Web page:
x Abu Dhabi, UAEThursday 27 July 2017

Government spending to jump by 21%

The FNC has sent a message to the markets that the impact of the global financial crisis on the UAE has been minimal with a 21 per cent increase in the annual budget.

The Federal National Councilhas approved an umbrella education budget of about Dh10 billion.
The Federal National Councilhas approved an umbrella education budget of about Dh10 billion.

ABU DHABI // The Federal National Council (FNC) yesterday approved a Government budget proposal for 2009 that came in 21 per cent higher than the budget for 2008. The Government said it was important for the FNC to sign off the Federal Budget, to send a message to the markets that the impact of the financial crisis on the UAE was minimal. The 2009 budget has been set at Dh42.2 billion (US$11.5bn), a marked increase for the second year in a row. The actual budget for 2008, which ended with a surplus, was Dh34.9 billion, up 24 per cent from 2007.

"We know about the global economic crisis today, but we hope to overcome challenges and keep an eye on the crisis in several ways," said Obeid Humaid al Tayer, Minister of State for Financial Affairs, during the morning FNC session. "For this reason we hope you'll approve the budget so that we can send a message to the markets that we will continue our spending and not freeze any projects." Under the budget, Abu Dhabi Police has been allocated Dh644 million; the Emirates Identity Authority Dh236m and the Ministry of Social Affairs Dh2.5bn. Higher education was allotted Dh2.6bn, which falls under the entire education umbrella of about Dh10bn. More than half of the education budget covers salaries. Dr Vincent Ferrandino, policy and planning director at the Ministry of Education, said: "The budget we have in place is the budget around which we've made our plans for the new year.

"The projects and initiatives are based upon the budget provided." Initiatives include new professional development programmes for teachers, curriculum standards for Government schools and student assessment methods. He added: "At the moment we feel the allocation is adequate but there's a realisation that as we move forward and make progress there needs to be an increase in the allocation." Dr Clifton Chadwick, a senior lecturer in international education management and policy development at the British University in Dubai, said a lack of funds was not the critical issue in state schools, which are acknowledged to be underperforming.

"They probably put enough money into education," he said. "The critical issue is how they use it and changing embedded ways of doing things." The Ministry of Health, which does not oversee health services in Dubai and Abu Dhabi, was granted Dh2.6bn. One healthcare professional, Mohamed Rashid, deputy director of Ibrahim Obaidullah Saig Ghubash Hospital in Ras al Khaimah, said more manpower was needed.

"You cannot have the services without the manpower," he said. "They allocate where the need is: in hospitals, manpower, infrastructure. The distribution of the budget is according to need." The Government, meanwhile, suggested several steps to minimise the impact of the financial crisis on the UAE, including increasing revenue from services and asking emirates to contribute more to the federal fund.

"Well, the Government is looking to increase revenues [from service] so as to balance between income and spending," said Mr al Tayer. "The budget has been discussed since the beginning of April, so we've taken into account the economic crisis? and the problems that nationals face like housing, health care." The Government did not provide detailed budget statements for 2008, or a breakdown of what each ministry was allocated. But it did give information on how much revenue was generated by services offered by each department.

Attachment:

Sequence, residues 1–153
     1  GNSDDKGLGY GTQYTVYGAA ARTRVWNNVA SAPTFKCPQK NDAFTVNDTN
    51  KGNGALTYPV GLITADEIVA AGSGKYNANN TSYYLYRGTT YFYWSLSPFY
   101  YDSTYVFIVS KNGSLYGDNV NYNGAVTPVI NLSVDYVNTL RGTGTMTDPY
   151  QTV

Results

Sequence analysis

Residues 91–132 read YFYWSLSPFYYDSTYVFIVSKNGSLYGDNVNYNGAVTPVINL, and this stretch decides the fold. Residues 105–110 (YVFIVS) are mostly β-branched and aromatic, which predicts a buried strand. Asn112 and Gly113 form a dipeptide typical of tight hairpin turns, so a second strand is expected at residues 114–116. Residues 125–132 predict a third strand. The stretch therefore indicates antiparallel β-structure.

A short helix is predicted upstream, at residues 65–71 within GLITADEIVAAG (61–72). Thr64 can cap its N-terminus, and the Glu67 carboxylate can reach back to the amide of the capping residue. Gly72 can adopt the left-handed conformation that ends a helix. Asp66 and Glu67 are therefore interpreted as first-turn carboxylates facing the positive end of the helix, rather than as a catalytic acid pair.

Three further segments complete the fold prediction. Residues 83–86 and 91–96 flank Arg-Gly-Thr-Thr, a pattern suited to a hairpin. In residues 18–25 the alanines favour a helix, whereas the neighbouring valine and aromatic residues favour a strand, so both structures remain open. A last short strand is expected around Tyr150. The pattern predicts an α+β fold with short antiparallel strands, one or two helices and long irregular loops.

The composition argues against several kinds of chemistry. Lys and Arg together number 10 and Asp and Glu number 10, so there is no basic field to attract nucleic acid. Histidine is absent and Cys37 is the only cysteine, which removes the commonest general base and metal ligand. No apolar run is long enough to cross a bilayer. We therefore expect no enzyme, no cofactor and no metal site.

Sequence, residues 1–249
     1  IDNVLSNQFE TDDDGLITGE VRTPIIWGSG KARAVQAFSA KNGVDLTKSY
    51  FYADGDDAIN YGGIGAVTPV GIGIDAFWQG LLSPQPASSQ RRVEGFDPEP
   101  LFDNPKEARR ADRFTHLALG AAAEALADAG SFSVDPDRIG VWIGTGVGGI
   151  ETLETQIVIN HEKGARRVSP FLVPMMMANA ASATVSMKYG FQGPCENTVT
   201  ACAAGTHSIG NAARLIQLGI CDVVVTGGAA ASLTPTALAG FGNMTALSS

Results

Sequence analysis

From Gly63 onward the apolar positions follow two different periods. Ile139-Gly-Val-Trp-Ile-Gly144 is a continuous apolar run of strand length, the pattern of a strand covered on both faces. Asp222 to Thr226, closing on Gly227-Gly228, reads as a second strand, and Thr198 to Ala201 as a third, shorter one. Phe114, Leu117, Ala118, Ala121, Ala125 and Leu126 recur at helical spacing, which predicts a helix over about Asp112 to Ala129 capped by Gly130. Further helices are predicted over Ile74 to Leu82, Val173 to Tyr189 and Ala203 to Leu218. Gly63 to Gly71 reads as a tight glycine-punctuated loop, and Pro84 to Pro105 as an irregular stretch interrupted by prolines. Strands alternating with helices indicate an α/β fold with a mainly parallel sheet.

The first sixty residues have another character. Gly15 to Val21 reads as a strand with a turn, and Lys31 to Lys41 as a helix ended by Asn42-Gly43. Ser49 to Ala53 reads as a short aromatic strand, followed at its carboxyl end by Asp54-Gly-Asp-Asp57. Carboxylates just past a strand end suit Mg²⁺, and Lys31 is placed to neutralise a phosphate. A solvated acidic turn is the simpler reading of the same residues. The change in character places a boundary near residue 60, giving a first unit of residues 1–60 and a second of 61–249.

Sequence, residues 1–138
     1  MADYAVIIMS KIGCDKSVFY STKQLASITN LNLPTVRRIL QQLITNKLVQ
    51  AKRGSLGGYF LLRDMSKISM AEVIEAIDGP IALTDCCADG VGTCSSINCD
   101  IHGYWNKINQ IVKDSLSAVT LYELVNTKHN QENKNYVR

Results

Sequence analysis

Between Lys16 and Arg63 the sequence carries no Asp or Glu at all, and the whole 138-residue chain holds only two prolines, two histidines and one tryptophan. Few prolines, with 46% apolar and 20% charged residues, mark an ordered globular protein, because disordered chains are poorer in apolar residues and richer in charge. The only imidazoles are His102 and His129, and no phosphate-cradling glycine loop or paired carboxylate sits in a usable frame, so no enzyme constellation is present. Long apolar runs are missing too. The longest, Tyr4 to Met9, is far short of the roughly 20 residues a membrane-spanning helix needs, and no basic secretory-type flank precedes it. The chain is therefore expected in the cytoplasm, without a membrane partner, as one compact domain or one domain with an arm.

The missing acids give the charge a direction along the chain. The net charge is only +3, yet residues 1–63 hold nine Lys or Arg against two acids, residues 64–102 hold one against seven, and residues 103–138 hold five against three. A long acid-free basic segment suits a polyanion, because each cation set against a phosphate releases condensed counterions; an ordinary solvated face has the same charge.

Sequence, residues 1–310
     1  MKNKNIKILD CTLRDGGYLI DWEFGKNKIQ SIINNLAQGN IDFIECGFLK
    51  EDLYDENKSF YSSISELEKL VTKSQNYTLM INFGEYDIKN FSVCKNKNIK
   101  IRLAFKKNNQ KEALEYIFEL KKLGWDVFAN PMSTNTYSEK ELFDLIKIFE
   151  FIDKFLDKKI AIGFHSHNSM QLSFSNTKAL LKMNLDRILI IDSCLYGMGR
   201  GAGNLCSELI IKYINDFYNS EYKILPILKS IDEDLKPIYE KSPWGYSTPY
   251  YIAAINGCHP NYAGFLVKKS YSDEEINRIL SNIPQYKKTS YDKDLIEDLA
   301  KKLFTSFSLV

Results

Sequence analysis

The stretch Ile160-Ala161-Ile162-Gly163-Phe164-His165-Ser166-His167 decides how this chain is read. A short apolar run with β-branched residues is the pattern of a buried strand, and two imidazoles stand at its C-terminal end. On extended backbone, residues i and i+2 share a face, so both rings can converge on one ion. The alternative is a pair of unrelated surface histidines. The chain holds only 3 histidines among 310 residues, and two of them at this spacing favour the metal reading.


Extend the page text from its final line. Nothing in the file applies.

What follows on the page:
According to the report, the Ministry of Health generated Dh422 million, and is forecast to generate almost twice that much in 2009, an estimated Dh768 million. It was not clear where this increase would come from, although one suggestion was that the cost of providing some services that have been paid for by the federal Government could be downloaded on to local emirates. So far, only two emirates contribute to the federal budget: Abu Dhabi, with the lion's share at Dh17 billion, and Dubai, with Dh1 billion.

"We hope to see contributions from everyone," said Ali al Jasim, the FNC's second vice president. "There are services and projects that should be the responsibility of the local government, not the federal government, which always picks up the tab. "So we're hoping for shared responsibility." Some FNC members expressed concern over what they said was a lack of accountability for ministries that did not deliver on promised projects, yet still managed to get the same or larger budgets.

"If a ministry doesn't implement its programmes, then it comes to the Finance Ministry and requests the same amount for the following year," Mohammed al Zoabi, of Sharjah. "How come the Finance Ministry doesn't say, 'We won't give you what you ask because you failed to implement your programmes'?". One of the main complaints is the ongoing lack of electricity and water services in many parts of the country.

"The promised housing project has been delivered and completed, yet it has had no electricity for two years," said FNC member Fatima al Murri, of Dubai. Another FNC member said: "This year's budget talks about electricity to certain areas, including the northern emirates and RAK. Yet none of the projects came to fruition, which was also the case with the Sheikh Zayed Housing project. I wish the ministers would attend our meetings to answer these concerns."

relass@thenational.ae * Additional reporting Alison McMeans and Daniel Bardsley